The evidence is clear: police officers have no place in public schools. In Chicago, more than 200 Chicago Police officers are assigned to the so-called “School Resource Officer” program. But rather than providing “resources” to students, this $33,000,000 program staffs police at predominantly Black and brown schools —police who have been shown to abuse and criminalize young people of color, including when kids are just acting like kids.
Police do not provide school “resources” when they shove a child down the stairs and drag her through her school halls, or when they Taser and beat children with batons for violating school rules regarding cell phones. The harm to students who experience police abuse in their schools – where they should feel safe and ready to learn – is simply enormous. Police in schools harm the entire school community. Students fear they could be the next person abused and harmed by police. And to make matters worse, even police officers with sustained civilian complaints against them and those who have repeatedly used force against children are staffed in our schools. Let that sink in. Police who have hurt kids are in schools throughout our City every day.
For all of these reasons, staffing school with police officers creates an environment that is not conducive to learning, development, or the safety they are ostensibly there to provide.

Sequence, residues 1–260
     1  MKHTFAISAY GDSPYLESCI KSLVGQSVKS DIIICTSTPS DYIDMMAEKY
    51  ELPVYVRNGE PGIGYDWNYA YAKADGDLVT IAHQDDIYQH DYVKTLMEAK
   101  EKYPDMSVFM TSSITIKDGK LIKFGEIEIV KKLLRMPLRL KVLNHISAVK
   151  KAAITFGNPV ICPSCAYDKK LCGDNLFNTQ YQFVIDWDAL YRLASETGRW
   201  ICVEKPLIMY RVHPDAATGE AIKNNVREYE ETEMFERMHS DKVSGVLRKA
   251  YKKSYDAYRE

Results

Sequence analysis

Chicago’s use of police in schools reflects a bigger City problem: our leaders’ consistent choice to prioritize policing over other resources for Chicago’s schools. For many years, youth, advocates, and teachers in Chicago have been calling for the City to make a different choice. Those rallying cries have reached a fever pitch in response to the continued killings of Black and brown people by police.
Black students and students with disabilities are disproportionately impacted by police being staffed in CPS schools. Black students in CPS are four times more likely to be subject to a Police Notification compared to white students in CPS. Students with disabilities make up only 15% of the CPS student body, but are the target of 30% of police incidents in schools. In a school system that primarily serves Black and brown students, the City’s leaders must respond to the youth’s demands not with political gamesmanship, but with a real vision toward ending the School Resource Officer program and providing our students with the developmentally-appropriate resources they deserve.
Mayor Lori Lightfoot and Chicago Public Schools Superintendent Janice Jackson both have stated that they intend to continue the agreement setting out the police-in-schools program. They claim that they want to give Local School Councils (LSCs) the power to decide whether or not an individual school will have a police officer on staff. But their focus on “local interests” fails to acknowledge that the City is responsible for ensuring the safety and security of its students. The LSCs are not legally liable for officer abuse and misconduct within schools – that liability rests with the City. And critically, the City retains most other decisions regarding safety policies. For example, the City would never allow an LSC to decide that students and teachers should be allowed to bring weapons to school. This issue is no different.